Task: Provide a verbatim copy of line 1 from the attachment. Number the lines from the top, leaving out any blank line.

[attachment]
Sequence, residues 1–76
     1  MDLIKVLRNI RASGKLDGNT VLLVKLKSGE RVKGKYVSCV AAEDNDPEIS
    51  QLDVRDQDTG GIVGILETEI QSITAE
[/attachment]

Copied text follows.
Sequence, residues 1–76